Lady Macbeth Beetlewing Gown, Part VI: Beetlewings!

beetlewing-clipped

Taking a break from construction, it was time to get started on the most distinctive feature of the costume– the beetlewings! (a.k.a. elytra)

Most sources online agreed that beetlewings are too brittle to trim without steaming them first to soften them, so I was all set to start the steaming process…  But I decided on a whim to skip the steaming and see if a pair of regular nail clippers would do the trick. And hey, they worked!

beetlewing-clipping

I found that as long as I didn’t try to clip across the entire curve of the wing at once– instead putting the clipper only halfway across the curve at a time– the wings would clip cleanly the same way fingernails do. Since I was going for a really basic trim, just to remove the pointy end and the gnarly stuff at the wide end of the wing, this process worked perfectly. I think if I’d wanted to shape the wings more I might have needed steaming so I could use scissors, but as it was, I was just happy to avoid one more step.

Then came the laborious process of clipping all 1,000 wings (I stopped at 1,000 because I wasn’t sure how many I’d actually need to do), so I put on Netflix and started clipping. Once I got into a routine each wing took about 10-15 seconds to clip, which doesn’t seem like much– but it definitely added up, and somehow managed to take a lot longer than you’d expect given the math. All in all, it took me two extremely long evenings to finish the 1,000 wings.

Anyway, once the wings were clipped it was time to punch holes in them. I started off trying to just use an awl to punch through, but while it technically worked it was still somewhat difficult because I had to manually twist the awl back and forth to get it to widen the hole sufficiently (which hurt my wrist over time), and the twisting process occasionally resulted in cracking. Steaming the wings helped with the cracking issue, but not the twisting, which was literally a pain.

I decided to try something with a little more power, and purchased an electric micro-engraving pen on Amazon.

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It’s like a tiny rotary tool with several tips to choose from– I think it was originally intended for acrylic nail manicures, but these wings are so much like fake nails anyway that it worked out perfectly. Seriously, this is the best tool EVER for drilling holes in beetlewings– it fits comfortably in the hand and is relatively easy to control, and since I had to deliberately press it down to drill the hole I didn’t worry about nicking myself accidentally if it slipped. I would recommend this tool to anyone looking to drill holes quickly and easily without fear of cracking the wings– it just buzzes right through.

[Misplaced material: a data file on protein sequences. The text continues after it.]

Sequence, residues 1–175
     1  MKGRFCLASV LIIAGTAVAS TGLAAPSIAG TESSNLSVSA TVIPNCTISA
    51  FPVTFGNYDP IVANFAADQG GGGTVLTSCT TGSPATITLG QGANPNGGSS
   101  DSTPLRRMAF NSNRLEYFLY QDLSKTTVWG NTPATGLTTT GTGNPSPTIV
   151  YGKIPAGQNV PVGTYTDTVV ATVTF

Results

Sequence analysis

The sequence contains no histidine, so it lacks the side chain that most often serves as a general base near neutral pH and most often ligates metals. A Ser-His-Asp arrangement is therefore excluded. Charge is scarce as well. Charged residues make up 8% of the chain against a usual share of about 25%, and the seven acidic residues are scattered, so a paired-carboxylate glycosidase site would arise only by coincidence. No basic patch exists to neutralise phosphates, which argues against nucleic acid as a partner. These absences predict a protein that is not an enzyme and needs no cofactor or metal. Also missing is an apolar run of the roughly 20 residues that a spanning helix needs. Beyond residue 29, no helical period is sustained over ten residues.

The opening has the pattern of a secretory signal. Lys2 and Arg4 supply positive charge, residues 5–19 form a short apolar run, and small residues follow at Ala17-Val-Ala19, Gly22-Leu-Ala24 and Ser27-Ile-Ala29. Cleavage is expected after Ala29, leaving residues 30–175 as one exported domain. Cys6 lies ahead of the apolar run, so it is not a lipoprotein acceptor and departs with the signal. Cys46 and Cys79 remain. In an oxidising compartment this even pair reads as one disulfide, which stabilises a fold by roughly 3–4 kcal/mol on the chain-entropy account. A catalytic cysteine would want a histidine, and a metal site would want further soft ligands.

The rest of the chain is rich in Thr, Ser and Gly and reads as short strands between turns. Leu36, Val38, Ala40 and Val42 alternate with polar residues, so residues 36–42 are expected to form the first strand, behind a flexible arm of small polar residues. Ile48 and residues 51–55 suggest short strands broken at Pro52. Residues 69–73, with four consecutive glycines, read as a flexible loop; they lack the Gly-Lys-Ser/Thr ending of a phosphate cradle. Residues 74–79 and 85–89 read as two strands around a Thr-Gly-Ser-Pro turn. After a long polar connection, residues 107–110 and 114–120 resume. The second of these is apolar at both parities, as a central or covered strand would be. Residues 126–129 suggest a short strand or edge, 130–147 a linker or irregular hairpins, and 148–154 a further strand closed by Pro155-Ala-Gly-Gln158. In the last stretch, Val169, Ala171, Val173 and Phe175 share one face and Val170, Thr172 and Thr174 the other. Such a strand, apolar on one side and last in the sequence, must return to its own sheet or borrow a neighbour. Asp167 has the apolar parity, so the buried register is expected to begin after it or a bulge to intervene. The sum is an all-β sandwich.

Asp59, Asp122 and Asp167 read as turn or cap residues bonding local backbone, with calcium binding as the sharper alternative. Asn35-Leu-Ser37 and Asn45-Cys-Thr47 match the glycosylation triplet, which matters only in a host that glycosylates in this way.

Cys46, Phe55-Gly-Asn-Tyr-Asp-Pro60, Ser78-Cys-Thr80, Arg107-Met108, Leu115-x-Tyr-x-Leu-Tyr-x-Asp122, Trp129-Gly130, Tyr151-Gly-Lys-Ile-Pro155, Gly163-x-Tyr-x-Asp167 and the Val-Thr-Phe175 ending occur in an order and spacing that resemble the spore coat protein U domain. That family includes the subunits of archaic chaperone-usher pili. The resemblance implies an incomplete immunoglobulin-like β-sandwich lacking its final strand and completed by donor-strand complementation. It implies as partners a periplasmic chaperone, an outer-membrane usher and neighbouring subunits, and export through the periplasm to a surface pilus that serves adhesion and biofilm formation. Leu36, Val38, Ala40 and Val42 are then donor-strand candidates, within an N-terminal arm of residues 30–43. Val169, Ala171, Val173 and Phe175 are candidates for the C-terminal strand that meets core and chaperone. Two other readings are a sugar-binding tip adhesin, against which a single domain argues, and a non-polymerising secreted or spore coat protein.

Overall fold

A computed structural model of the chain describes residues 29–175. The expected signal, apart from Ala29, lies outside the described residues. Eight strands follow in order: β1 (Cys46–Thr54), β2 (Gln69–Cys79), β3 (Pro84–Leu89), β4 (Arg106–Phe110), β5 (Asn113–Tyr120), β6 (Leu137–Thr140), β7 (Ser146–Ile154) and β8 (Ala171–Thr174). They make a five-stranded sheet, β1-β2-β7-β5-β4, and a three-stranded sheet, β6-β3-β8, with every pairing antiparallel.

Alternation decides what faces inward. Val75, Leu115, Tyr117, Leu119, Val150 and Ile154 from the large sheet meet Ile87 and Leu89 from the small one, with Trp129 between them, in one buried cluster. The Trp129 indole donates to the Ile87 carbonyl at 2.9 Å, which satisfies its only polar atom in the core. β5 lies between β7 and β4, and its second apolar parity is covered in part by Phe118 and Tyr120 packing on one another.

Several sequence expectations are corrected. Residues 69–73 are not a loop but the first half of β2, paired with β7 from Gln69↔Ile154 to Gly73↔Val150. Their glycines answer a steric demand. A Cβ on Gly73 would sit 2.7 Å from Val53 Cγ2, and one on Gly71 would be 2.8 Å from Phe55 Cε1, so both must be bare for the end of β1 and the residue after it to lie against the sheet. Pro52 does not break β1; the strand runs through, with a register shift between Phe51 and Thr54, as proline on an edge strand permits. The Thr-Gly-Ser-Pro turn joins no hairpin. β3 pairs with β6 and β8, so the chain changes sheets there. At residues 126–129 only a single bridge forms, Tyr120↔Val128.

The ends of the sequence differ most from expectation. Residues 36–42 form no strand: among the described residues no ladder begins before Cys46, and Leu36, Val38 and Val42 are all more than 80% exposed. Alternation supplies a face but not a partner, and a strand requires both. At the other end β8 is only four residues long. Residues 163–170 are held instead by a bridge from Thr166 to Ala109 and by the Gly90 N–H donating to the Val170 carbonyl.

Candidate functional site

beetlewing-drilled

I did the drilling over a piece of scrap wood to avoid ruining my coffee table.

After spreading out my basted-together pieces of crochet lace and tulle, I safety-pinned them at intervals to keep things flat, then spread them out over a towel, which I laid over my lap to start sewing. The towel kept me from inadvertently stitching through the lace to my clothes, and made it easier to transport the fabric without disturbing anything.

I used dark green thread to stitch the wings through the crochet lace and tulle layers– only one stitch per hole, since these aren’t really going to have any tension on them. I did each wing individually rather than trying to zig-zag my thread between wings.

beetlewing-sewing.jpg

I started off trying to keep them mostly parallel and pointing downwards, but realized after I’d done part of one sleeve that it looked weird– too uniform. Closer inspection of some of the photographs convinced me that I needed to offset the wings so they were more haphazardly oriented, so I had to take off some of the wings and re-stitch them at an angle so they were no longer parallel to the others. While I was at it I added some more wings to make them less spread out, which also helped with the overall look.

beetlewings-sewn-ajar

I’ve been stitching the wings on the sleeves and skirt pieces before doing any more construction on the gown, because it’s a lot easier to spread things out flat on my lap and sew than to crouch next to a dress form and stitch things on while the dress is hanging. So far I’ve finished the center portions of the sleeves and most of the front skirt panel, staying away from hems and edges so it’ll be easier to stitch pieces together later. It’s really the back skirt panel that’s going to take forever, since it’s so huge, but I’ll just keep plugging away at it!

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